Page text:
Expert:  Lane replied 1 year ago.

Cost is a part OF productivity ... Productivity means output (of acceptable quality)/time

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This is a little simplified but...

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So you must look at, say, 100 widgets being produced in 1 day under normal circumstances with a trained employee out of the training period

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vs 80 being produced because the time needed to re-work took you down to only 80 acceptable widgets being produced in the same amount of time

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OR you can turn it around and look at the amount of time taken to produce 100 widgets vs the time taken to produce 100 (with re-work time included) so say that now (with re-work included)... it took 10 hours rather than 8 ...... pay could be reduced proportionately 8/10 = 80% of regular pay

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Depending on your process, you can get this down to a per piece number to apply, based on the number pieces needed to be re-worked ... But it HAS to be commensurate with your true extra cost over time, which is productivity, which can be related directly to lowered profit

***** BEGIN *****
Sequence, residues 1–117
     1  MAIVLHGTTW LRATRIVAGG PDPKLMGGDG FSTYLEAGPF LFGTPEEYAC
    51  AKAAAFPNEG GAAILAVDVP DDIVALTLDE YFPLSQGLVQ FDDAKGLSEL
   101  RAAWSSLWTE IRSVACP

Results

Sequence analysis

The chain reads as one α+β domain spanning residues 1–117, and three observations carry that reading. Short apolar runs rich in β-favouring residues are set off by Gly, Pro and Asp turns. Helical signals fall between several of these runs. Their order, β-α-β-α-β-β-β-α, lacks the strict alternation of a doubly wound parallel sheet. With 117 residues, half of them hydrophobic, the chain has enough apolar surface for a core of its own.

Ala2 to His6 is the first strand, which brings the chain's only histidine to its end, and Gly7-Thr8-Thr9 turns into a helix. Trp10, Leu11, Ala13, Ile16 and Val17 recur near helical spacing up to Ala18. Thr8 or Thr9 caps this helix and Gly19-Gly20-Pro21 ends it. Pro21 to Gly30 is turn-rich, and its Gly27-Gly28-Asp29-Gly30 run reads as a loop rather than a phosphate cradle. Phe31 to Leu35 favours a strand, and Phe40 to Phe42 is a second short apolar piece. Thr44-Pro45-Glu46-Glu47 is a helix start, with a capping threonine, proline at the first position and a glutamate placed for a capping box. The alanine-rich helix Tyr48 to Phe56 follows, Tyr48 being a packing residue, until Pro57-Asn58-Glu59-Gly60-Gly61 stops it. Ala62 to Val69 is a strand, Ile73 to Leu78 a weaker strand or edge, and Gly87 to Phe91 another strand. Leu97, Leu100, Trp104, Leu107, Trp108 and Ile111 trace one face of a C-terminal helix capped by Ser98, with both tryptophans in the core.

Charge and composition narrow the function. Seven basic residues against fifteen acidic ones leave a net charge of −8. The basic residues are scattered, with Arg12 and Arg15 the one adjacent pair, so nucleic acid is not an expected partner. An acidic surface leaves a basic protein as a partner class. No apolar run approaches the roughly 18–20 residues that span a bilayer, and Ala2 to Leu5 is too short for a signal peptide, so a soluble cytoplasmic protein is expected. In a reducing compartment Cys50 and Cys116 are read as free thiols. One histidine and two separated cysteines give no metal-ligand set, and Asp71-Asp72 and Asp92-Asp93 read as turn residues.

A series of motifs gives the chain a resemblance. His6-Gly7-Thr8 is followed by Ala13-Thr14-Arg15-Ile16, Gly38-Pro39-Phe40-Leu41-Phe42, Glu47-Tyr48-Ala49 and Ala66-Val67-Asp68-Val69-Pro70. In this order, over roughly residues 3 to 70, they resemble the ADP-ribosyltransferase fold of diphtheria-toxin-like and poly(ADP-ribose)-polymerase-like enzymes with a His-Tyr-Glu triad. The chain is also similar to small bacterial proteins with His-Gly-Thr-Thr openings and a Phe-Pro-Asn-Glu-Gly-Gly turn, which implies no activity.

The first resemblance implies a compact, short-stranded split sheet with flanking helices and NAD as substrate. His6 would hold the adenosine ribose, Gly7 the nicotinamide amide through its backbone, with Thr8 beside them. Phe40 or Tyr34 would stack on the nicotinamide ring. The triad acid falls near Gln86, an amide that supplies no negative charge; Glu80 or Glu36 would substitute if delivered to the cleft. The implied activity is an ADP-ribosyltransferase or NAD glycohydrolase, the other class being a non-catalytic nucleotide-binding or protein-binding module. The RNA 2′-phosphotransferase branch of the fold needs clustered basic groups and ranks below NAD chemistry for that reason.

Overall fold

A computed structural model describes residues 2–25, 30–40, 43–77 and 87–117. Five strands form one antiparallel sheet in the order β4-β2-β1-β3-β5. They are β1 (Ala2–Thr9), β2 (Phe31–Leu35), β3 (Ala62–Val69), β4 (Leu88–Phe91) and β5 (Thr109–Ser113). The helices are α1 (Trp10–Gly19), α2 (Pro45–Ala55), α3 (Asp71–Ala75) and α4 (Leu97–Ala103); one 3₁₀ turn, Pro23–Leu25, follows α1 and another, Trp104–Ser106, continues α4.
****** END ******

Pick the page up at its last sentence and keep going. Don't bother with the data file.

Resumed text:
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Gotta go, but I'll see what I can find

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And again just remember DOL will start with the assumption that re-work time is paid time .. you have to build a system that logically shows you are fairly accommodating in a way that keeps your net profit where it would be if the re-work wasn't and using this as a training opportunity, rather that punishment

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If this HAS helped, and you don't have additional questions on this, I'd appreciate a positive rating (by clicking the stars or smiley faces on your screen) ... that's the only way I'll be credited for the work here.
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Expert:  Lane replied 1 year ago.

See this, from http://webapps.dol.gov/dolfaq/go-dol-faq.asp?faqid=359

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Question: How do I determine "commensurate wage rates"?